Channel-surfing Supreme Court takes on ‘signal-bleed’ dispute
It’s a familiar sight to any channel-surfing cable television subscriber: the fuzzy video and often clear audio from adult cable channels not subscribed to.
It is called “signal bleed,” and when Congress in 1996 tried to force cable channels to stop it from happening, they sued, claiming it was a violation of their First Amendment rights. The Supreme Court yesterday agreed to resolve the dispute in the case titled U.S. v. Playboy Entertainment Group.
To critics of the cable channels, the First Amendment has little to do with the dispute over Section 505 of the Telecommunications Act of 1996. The law requires adult channels to provide full blocking or scrambling of their signals so that non-subscribers cannot see or hear them or, in the alternative, to confine their broadcasts to the “safe haven” period from 10 p.m. to 6 a.m.
“It really isn’t a First Amendment issue,” says Tony Snesko, a former Poway, Calif., official who lobbied Congress for passage of Section 505. Following up on parental complaints five years ago, Snesko videotaped a partly scrambled “signal bleed” Spice Channel show from his cable service in San Diego county. It showed an unmistakable scene of oral sex, Snesko says. “You could see absolutely everything, except on a slant,” he recalls.
Snesko personally delivered a copy of the videotape to every member of Congress. Other parents also told members of Congress of finding their children transfixed by adult-channel signal bleeds, and the law passed overwhelmingly.
But cable channels sued under the First Amendment and convinced a three-judge panel in Delaware to strike the law down, ruling that Congress had swept too broadly in trying to solve the problem. Because the regulation involved issues of speech, the court panel said, Congress was obliged to use the “least restrictive” means of preventing children from seeing adult-channel signals. Since two-thirds of households have no children in them, a law that required scrambling for all households was overbroad, the cable channels had said.
They also argued that complete scrambling is costly, and the alternative of broadcasting only at late-night hours cuts revenue. In addition, cable companies pointed to Section 504 of the same law, which requires that cable companies provide blocking equipment to any subscriber who requests it. That kind of approach, targeted to homes that want to block the signals, is more respectful of First Amendment interests, they argue.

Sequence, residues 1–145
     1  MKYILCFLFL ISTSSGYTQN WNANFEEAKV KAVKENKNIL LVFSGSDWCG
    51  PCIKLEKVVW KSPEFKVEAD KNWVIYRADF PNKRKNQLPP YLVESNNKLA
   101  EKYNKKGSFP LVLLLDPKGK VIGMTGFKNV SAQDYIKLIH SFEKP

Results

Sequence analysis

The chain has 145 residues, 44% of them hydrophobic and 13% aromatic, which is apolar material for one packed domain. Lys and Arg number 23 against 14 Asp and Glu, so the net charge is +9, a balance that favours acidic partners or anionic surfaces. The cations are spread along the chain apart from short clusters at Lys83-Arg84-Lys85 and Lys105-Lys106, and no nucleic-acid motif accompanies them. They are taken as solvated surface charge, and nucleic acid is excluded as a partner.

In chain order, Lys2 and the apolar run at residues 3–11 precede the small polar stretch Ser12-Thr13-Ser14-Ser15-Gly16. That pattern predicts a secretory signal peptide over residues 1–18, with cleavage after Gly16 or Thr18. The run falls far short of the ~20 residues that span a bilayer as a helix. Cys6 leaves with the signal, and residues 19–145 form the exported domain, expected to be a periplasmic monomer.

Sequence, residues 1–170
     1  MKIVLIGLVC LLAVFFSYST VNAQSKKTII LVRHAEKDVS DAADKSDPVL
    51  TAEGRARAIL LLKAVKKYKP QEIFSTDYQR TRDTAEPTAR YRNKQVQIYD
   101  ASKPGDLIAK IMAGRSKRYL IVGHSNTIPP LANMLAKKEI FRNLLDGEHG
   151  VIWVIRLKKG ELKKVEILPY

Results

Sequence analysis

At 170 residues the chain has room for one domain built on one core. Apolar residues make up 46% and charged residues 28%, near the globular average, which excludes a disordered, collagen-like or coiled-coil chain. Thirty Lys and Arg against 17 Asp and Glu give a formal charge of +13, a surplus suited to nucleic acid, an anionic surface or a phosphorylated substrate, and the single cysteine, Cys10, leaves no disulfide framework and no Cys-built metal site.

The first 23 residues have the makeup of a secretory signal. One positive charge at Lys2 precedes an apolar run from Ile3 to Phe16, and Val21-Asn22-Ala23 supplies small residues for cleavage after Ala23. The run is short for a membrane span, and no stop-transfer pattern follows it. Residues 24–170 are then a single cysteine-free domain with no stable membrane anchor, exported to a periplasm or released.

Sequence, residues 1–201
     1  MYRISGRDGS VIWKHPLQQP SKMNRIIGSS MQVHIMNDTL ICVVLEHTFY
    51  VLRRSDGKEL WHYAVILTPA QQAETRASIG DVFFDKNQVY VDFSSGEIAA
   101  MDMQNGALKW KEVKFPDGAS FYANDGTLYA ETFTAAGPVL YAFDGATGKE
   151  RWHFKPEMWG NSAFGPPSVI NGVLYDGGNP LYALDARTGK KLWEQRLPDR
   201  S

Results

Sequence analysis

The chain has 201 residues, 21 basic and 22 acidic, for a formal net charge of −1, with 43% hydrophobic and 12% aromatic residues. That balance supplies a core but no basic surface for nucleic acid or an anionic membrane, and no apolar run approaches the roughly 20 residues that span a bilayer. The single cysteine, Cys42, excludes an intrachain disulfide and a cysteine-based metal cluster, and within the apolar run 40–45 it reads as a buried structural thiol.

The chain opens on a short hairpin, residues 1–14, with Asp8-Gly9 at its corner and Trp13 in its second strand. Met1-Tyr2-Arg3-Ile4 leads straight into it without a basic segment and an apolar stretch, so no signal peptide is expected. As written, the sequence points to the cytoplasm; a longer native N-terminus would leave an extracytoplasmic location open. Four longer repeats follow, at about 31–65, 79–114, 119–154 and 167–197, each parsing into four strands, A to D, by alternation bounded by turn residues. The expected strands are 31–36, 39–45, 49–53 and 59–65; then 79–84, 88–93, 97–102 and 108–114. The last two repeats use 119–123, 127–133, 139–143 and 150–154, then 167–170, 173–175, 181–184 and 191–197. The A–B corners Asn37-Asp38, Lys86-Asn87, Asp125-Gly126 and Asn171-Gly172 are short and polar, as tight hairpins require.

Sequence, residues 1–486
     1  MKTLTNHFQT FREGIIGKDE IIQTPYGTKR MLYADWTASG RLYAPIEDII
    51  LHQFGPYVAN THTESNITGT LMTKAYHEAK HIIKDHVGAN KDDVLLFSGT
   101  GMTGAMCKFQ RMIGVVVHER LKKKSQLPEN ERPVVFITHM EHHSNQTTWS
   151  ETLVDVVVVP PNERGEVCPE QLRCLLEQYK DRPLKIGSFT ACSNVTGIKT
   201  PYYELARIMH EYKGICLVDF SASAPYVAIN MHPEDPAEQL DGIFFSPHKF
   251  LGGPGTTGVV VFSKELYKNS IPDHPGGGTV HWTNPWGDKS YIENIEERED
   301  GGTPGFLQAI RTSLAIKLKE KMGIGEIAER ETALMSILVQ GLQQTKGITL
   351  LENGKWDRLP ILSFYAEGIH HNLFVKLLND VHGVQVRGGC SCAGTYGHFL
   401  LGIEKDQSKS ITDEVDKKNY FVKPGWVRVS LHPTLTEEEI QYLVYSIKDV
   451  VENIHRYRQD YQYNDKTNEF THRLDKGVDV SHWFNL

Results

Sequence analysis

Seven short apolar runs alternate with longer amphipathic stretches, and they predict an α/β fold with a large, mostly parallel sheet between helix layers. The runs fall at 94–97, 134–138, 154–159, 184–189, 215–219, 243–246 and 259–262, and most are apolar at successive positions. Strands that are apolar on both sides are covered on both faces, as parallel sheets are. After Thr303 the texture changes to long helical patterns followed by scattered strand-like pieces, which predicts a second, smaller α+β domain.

“The constitutional solution is individual empowerment,” says Robert Corn-Revere, lead lawyer for Playboy. “Any household can solve this problem.”
Corn-Revere also said newer technology is providing solutions as well. Newer sets and cable boxes now either skip over or display a blue screen on channels that a viewer does not subscribe to. And when the industry converts to digital transmission by the year 2006, the problem of signal bleed will disappear altogether.
Snesko says the cable channels could obey the disputed law without any extra expense, but don’t want to. They allow the signal bleed in order to entice new subscribers, he contends.
“And even if it is too expensive to scramble, they need to do it, because they are putting pornography in front of our children.” He adds, “The onus should not be on the parents to opt out.”
As the case reaches the high court, the technological issues of signal blocking will likely not be as important as the standard of review courts must apply when scrutinizing laws like Section 505. The Clinton administration, which defends the law, said the lower court’s standard was “deeply flawed,” and that a lower level of scrutiny is appropriate for reviewing indecency on cable television. It argues that the same standard that was allowed to ban indecent programming on broadcast television and radio should also be used to allow the ban on “signal bleed” of cable signals.
The court will hear arguments in the case this fall, with a decision unlikely before next year.
Tony Mauro covers the Supreme Court for USA TODAY and is a legal correspondent for the First Amendment Center.